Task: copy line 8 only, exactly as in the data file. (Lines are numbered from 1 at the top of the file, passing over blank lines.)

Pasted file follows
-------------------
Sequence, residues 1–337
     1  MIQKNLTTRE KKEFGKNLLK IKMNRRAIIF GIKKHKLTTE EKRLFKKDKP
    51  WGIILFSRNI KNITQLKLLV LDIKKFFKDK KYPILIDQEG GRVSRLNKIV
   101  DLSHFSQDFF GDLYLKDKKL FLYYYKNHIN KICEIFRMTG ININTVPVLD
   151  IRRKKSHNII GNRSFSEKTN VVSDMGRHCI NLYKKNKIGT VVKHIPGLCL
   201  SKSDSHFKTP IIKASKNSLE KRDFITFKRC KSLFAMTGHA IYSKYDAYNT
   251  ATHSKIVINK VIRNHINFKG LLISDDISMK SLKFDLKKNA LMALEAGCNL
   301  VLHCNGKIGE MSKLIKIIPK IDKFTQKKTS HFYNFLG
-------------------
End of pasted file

   301  VLHCNGKIGE MSKLIKIIPK IDKFTQKKTS HFYNFLG